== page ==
Stralauer Tor was a Berlin U-Bahn station on the eastern bank of the River Spree between Warschauer Straße and Schlesisches Tor stations on today's U1. Built on the eastern part of the Oberbaumbrücke viaduct, it was completely destroyed in World War II, and not rebuilt. It is the only U-Bahn station to be abandoned after it had been in service.
The station opened as the initial terminus of the first U-Bahn line on 15 February, 1902, under the then-current spelling Stralauer Thor; Warschauer Straße (then known as "Warschauer Brücke"), the present terminus, opened six months later, on 17 August, 1902. Stralauer Tor was renamed Osthafen in 1924.
The station closed permanently on 10 March, 1945 owing to severe bombing damage. Some thought was given to rebuilding the station after the war, and it appears on a 1946 Berlin map, renamed as Besarinstraße, but no work was undertaken.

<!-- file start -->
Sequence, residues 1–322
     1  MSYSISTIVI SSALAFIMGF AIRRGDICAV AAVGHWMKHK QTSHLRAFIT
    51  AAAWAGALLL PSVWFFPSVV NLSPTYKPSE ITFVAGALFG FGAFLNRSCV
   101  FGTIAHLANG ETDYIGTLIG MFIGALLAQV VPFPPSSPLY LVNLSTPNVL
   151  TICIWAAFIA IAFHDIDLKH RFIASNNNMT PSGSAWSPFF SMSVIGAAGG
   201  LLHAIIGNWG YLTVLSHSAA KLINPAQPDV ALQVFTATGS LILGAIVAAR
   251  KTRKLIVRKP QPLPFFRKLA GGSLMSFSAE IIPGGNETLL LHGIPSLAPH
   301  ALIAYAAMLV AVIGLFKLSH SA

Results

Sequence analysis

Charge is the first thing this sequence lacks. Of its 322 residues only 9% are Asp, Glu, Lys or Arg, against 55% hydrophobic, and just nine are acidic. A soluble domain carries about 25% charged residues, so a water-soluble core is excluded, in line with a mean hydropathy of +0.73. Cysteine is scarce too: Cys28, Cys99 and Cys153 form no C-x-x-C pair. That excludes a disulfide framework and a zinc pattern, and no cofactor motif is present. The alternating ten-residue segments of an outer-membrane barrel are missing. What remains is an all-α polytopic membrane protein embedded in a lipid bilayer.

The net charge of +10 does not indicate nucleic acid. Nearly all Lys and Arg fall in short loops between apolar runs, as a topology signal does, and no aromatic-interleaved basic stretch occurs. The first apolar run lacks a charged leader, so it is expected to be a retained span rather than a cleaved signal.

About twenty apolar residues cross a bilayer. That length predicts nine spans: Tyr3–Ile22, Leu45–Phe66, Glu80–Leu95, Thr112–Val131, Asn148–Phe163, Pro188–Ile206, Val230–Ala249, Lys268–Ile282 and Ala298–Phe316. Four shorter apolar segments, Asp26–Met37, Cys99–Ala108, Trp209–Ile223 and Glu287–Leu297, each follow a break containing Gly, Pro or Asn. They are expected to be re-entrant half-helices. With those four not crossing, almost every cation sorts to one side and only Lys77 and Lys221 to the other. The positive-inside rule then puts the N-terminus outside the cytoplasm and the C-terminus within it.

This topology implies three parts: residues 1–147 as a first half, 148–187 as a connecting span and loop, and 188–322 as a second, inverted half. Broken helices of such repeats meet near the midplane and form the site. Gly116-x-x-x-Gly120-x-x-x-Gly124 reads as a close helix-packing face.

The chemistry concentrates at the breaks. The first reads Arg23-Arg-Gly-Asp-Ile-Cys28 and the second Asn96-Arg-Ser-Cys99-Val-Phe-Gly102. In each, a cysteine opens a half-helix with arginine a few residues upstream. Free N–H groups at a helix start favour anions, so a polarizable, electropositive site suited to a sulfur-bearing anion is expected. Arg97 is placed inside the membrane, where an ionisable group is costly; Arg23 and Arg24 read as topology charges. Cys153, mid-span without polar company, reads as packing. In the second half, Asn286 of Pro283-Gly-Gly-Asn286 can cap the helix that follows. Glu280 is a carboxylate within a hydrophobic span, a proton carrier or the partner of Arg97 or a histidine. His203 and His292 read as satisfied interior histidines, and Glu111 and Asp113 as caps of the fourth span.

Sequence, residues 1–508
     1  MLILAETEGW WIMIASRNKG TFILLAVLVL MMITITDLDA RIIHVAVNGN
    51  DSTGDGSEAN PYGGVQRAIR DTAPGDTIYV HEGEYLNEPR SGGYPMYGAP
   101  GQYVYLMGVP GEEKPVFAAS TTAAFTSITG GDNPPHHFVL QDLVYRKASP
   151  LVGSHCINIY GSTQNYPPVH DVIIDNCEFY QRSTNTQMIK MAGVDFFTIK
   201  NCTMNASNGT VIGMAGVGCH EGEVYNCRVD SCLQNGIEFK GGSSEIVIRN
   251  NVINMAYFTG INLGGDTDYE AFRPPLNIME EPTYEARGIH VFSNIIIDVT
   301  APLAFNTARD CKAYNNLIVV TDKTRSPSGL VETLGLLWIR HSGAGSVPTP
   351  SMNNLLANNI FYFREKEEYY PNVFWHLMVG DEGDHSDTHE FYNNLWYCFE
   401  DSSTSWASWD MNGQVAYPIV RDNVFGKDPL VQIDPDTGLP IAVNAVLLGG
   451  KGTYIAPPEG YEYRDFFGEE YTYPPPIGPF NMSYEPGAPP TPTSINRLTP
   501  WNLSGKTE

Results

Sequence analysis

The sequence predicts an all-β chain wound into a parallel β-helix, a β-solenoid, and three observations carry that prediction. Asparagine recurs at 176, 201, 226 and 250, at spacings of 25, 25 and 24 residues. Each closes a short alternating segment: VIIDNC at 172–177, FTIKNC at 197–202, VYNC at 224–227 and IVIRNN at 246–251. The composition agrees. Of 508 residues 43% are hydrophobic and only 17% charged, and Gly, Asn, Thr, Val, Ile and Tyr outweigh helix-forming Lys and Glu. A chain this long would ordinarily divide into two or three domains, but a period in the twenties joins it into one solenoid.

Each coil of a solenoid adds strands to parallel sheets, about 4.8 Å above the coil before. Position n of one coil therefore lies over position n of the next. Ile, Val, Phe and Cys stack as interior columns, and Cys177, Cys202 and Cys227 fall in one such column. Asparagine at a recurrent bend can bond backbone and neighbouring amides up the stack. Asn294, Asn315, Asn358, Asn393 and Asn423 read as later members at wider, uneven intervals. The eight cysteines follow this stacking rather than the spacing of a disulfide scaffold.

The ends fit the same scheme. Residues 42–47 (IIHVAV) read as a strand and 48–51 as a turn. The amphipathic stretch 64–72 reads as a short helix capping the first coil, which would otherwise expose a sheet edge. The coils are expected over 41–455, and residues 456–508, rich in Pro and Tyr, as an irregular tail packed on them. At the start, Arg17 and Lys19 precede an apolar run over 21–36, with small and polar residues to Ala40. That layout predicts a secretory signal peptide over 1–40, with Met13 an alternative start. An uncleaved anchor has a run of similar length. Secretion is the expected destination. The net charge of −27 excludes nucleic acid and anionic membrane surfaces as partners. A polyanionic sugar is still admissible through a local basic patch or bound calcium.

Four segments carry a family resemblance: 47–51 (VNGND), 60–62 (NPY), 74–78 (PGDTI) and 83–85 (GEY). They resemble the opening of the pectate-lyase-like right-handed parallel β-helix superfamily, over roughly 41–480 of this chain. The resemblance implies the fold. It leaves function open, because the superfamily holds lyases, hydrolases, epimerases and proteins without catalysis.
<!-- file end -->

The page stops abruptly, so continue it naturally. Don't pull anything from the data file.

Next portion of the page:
This was due to the short distance to Warschauer Straße station and the destruction of many buildings around Stralauer Tor; but most importantly because the border between the boroughs of Friedrichshain, where Stralauer Tor was situated, and Kreuzberg across the river, became the border between the Soviet and American sectors of occupation, and thus East and West Berlin.
With the construction of the Berlin Wall along this frontier in 1961, the section across the bridge into East Berlin was abandoned, and only the part of the line in West Berlin stayed open, terminating at Schlesisches Tor. Following German reunification, the remainder of the line reopened in 1995, but Stralauer Tor was not reconstructed. Today, only struts on the viaduct remain to indicate its location.